By Stacy Broman and Danielle Dobry on January 16, 2018

The Georgia Court of Appeals recently decided Hughes v. First Acceptance Ins. Co. of Georgia, No. A17A0735, 2017 WL 5013371 (Ga. Ct. App. Nov. 2, 2017), a case involving whether an insurer was liable for negligence or bad faith failure to settle. The Court of Appeals found that genuine issues of material fact precluded summary judgment. The Court reasoned that an insurer may, in good faith and without notification to others, settle part of multiple claims against its insureds even though such settlements deplete or exhaust policy limits. The Court reasoned that under the facts of the case, the possibility of settling other claims within policy limits and an insurer’s knowledge of the possibility were not dispositive of the failure to settle a claim. The Hughes case serves as a reminder to keep an insurer’s good faith settlement obligations in mind when confronted with similar scenarios.

In Hughes, Ronald Jackson caused a five-vehicle collision. The collision resulted in Jackson’s death and injured others, including Julie An and her minor child, Jina Hong. Jackson was insured by First Acceptance of Georgia, Inc. Jackson’s policy had liability limits of $25,000 per person and $50,000 per accident. Following the collision, letters were exchanged between An & Hong’s counsel and First Acceptance’s counsel regarding potential settlement demands and settlement conferences.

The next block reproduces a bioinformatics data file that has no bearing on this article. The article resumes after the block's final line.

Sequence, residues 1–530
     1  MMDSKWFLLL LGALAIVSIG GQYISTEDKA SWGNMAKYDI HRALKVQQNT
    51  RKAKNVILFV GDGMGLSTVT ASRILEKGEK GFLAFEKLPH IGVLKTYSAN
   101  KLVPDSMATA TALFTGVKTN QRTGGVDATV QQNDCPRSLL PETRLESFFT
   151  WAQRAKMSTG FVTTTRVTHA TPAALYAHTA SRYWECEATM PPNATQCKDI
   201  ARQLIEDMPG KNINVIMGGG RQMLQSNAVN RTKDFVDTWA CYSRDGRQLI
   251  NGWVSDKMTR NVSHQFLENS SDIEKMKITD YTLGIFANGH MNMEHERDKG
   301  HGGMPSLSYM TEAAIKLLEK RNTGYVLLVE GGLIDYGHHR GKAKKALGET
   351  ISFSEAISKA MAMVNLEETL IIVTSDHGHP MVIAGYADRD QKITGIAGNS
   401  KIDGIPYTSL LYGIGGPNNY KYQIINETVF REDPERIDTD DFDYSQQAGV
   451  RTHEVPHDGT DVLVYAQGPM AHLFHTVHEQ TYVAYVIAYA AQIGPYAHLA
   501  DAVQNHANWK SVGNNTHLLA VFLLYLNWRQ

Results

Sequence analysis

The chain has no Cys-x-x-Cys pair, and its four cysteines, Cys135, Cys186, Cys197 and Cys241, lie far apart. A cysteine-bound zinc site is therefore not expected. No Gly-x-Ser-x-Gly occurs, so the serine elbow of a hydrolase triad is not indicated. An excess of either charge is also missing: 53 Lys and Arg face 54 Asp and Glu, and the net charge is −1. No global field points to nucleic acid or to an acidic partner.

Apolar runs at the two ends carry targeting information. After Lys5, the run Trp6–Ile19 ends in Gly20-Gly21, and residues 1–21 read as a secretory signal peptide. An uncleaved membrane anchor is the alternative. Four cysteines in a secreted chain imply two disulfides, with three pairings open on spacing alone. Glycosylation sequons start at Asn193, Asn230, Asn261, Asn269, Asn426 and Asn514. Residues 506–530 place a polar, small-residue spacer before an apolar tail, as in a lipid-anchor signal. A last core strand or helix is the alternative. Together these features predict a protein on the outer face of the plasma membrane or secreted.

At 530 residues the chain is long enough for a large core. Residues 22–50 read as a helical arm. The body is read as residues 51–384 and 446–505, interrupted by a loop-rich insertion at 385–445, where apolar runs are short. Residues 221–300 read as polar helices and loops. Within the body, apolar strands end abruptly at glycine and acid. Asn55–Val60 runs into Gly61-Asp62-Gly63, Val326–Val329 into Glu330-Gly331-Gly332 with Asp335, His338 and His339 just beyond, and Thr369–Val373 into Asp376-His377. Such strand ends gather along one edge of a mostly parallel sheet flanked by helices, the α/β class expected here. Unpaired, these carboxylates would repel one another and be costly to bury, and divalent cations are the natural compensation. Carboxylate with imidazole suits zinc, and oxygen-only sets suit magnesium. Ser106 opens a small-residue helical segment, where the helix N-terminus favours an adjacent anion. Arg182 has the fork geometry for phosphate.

On June 2, 2009 An & Hong’s counsel sent two letters which An & Hong would later assert were an offer to settle with a 30-day response deadline. The first letter recognized First Acceptance’s interests in a settlement conference, provided that An & Hong were interested in resolving the matter within the insured’s policy limits and expressed interest in participating in a settlement conference. The second letter requested First Acceptance provide insurance information in 30 days and that any settlement would be conditioned upon receipt of the insurance information.